The Rauðibotn crater is located in the Fjalllabak region, more precisely in Hólmsárlón. This small oasis is a real gem lost in the highlands, a crater of contrasts with red and fluorescent green in the volcanic deserts, with the two huge glaciers, Torfajökull and Mýrdalsjökull, looming around you.
The Hólmsá River and its small waterfalls that surround the crater make the place even more magical.
Raudibotn's fluorescent green moss
Rauðibotn is part of the Eldgjá volcanic crater chain which extends from the Mýrdalsjökull to the Vatnajökull glaciers.
A terrible eruption in 934 produced a lava field that covered a staggering 800 square kilometers with molten rock, with catastrophic global meteorological consequences that caused famine throughout Europe.
This is visible on the landscape. Approaching the Rauðibotn region, one is struck by the scars of the event, but also the colors and contrasts.
The name Rauðibotn literally means “red background” in reference to the red crater flanks. The small lake inside the crater is surrounded by a ring of beautiful fluorescent green.
The view from Raudibotn on the Maelifell
Beyond the crater itself, the surrounding views are incredible, with unforgettable views of the Mælifell and the Mýrdalsjökull glaciers.
Rauðibotn is completely isolated in the wilderness south of Fjallabak, and you need to understand this place is very difficult to get to.
You won't find many tourists here as it is far from road number 1 and you can't get here without a fully off-road 4x4 vehicle.
With the right kind of transport, there are 3 paths to reach the Rauðibotn region:
This trail is absolutely sumptuous coming from Mælifell in the West, probably one of the most beautiful in Iceland. On the other hand, it's not the easiest route. In fact, you have to cross the Hólmsá and its meanders just before (1 km) reaching the junction that goes up to Rauðibotn, and this is no easy task.
While the river can be as shallow as 40 cm, it very frequently rises to 50 or even 80 cm in depth. In other words, impossible to cross with an unprepared 4x4.
Having tried them all, this is the simplest itinerary posing no particular difficulties. Starting from Vik and road number 1 to the South, take the F209 then the F210 heading North. While the road may be bumpy, in fact very much so, it does not involve fords or technical passages. A couple of kilometers after crossing the F233, the unmarked trail runs North towards Rauðibotn before crossing the famous Hólmsá ford.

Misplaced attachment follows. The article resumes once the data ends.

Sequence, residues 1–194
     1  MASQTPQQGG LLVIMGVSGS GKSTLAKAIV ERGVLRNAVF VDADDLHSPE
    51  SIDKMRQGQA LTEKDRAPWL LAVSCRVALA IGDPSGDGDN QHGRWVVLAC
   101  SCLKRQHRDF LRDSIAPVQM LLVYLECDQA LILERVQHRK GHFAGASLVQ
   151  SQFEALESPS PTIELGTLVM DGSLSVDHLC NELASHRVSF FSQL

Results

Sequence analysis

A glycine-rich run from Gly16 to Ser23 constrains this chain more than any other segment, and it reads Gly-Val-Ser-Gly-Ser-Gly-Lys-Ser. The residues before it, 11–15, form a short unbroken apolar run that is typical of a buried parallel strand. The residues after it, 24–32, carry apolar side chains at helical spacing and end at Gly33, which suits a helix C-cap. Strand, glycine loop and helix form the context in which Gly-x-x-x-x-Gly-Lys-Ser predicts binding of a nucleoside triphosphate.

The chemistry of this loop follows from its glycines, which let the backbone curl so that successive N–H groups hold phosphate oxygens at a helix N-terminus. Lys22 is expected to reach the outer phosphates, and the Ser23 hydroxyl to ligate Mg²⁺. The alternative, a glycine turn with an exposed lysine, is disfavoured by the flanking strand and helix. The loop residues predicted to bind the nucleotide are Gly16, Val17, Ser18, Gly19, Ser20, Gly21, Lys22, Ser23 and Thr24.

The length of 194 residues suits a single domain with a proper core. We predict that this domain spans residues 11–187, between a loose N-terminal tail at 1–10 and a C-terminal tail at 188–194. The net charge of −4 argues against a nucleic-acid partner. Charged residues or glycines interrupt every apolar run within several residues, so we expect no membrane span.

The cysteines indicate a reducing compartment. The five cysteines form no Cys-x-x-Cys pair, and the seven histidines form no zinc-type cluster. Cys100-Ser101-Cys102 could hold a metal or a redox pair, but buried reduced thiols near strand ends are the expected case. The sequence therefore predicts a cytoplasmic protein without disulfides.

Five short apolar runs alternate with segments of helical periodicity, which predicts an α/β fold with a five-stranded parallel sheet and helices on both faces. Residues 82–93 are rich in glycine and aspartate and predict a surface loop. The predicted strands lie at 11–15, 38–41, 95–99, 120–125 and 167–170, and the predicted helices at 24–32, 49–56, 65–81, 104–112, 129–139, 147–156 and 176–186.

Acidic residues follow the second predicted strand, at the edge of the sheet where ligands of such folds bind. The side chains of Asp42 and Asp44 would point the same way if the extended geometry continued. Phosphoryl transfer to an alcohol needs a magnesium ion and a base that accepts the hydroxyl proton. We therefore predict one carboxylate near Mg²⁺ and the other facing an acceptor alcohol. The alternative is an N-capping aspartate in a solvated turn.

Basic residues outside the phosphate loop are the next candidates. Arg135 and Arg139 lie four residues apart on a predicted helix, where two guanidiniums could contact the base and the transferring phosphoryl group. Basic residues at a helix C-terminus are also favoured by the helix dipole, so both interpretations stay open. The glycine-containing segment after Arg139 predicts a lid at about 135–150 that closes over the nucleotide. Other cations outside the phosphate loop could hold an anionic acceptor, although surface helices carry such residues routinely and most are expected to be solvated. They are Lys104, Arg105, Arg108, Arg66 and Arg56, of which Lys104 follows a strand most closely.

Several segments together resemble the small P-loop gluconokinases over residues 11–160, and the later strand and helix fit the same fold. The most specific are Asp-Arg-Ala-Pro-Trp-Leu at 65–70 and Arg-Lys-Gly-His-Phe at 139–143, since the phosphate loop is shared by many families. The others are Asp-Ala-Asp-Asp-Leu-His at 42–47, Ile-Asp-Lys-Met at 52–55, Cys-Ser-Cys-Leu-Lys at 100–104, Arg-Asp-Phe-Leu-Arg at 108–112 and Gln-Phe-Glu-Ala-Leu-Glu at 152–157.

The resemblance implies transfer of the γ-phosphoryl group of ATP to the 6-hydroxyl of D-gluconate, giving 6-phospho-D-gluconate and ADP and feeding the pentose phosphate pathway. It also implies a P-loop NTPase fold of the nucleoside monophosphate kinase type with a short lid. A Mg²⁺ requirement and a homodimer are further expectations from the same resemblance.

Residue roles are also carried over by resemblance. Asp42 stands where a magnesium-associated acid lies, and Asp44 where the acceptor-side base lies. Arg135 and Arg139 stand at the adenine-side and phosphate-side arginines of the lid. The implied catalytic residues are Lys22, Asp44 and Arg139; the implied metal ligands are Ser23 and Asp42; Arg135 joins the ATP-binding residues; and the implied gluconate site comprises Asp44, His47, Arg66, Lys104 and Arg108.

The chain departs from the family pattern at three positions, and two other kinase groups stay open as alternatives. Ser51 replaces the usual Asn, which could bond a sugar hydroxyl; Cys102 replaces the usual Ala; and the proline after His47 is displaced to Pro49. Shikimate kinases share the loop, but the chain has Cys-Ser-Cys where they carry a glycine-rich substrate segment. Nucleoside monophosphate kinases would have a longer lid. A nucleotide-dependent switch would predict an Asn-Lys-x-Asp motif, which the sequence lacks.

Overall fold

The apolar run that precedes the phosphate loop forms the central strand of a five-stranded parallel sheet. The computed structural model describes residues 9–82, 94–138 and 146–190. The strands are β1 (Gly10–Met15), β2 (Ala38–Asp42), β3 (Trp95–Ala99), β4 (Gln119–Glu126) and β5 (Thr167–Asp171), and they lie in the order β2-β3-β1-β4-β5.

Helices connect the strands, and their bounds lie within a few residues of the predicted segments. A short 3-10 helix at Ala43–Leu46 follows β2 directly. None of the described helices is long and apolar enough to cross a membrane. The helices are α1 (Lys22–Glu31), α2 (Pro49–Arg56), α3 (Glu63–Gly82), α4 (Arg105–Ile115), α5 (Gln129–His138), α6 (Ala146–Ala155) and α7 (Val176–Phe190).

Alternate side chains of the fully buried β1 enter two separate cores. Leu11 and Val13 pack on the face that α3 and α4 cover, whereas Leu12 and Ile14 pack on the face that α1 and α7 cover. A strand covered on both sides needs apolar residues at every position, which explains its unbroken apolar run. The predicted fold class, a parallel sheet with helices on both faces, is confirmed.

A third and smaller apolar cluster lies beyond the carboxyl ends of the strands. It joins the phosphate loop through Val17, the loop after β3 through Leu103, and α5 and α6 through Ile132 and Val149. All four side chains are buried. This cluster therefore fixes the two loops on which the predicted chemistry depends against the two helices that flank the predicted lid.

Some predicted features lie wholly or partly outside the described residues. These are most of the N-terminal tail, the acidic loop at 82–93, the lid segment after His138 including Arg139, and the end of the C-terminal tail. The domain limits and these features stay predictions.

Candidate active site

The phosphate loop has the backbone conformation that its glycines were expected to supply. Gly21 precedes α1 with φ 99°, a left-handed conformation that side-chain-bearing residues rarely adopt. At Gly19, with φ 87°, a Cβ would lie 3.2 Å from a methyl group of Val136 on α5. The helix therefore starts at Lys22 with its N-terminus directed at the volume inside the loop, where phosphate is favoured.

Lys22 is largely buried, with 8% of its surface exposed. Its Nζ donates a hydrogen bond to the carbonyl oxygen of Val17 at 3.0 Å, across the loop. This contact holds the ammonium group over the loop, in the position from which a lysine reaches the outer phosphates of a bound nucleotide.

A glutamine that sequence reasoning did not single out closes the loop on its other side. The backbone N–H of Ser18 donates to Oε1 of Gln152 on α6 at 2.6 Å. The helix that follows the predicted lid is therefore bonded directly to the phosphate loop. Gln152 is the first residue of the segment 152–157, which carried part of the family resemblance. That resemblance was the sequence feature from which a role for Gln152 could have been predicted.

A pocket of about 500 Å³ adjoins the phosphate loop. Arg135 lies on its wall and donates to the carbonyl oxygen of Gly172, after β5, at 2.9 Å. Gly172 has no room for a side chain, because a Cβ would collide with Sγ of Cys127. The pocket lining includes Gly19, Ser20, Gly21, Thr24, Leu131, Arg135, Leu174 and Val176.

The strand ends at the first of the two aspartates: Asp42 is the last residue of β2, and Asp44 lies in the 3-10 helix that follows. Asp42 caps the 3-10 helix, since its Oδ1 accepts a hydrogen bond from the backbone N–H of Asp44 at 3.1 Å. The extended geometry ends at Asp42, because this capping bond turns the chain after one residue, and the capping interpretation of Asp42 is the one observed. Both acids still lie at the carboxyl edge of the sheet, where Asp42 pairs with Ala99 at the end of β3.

The F233 can be used by visitors coming from the North, coming from Landmannalaugar. This trail has a major ford crossing, comparable to the F210 from the West.
Whatever route you take, the trail north to the Rauðibotn car park is short (1 km) and poses no difficulties. The car park is not indicated, but it's pretty obvious when you reach the end of the road (see photo).
The famous “parking” of Rauðibotn in 2021
From here you're basically on your own! There is no marked trail or the slightest indication to find the crater, but the itinerary is quite simple. Just follow in the footsteps of those that came before, the beaten track on the ground will help to find your way around. From the car park go towards the hill and head north for about one kilometer.
From here, you can enjoy an incredible view of Mælifell and the Sandurs, and one could stay for hours taking in this breathtaking panorama.
You can see a few small waterfalls on the edge of the Hólmsá on the map below, and how the trail then splits into two paths: climb to the top of the crater on the right or continue straight and reach the edge of Lake Rauðibotn. We strongly recommend going around the crater from the top and then going back down.
You shoule definitely take the time to go around the crater, and don't hesitate to go further up the trail to get the best views. In good weather, the colors of the region are out of this world.
It only takes 1.5 hours to complete the 5 km loop that connects the car park to the Rauðibotn crater.
The red flanks of Rauðibotn are streaked with moss and in nice weather the contrasts are truly vivid and awe-inspiring.
For the bravest, you can keep hiking along the Hólmsá to Lake Hólmsárlón or to reach the Strútslaug hot spring behind the Mælifell.
Aerial view photo credit: Thanayu Jongwattanasilkul @Dreamstime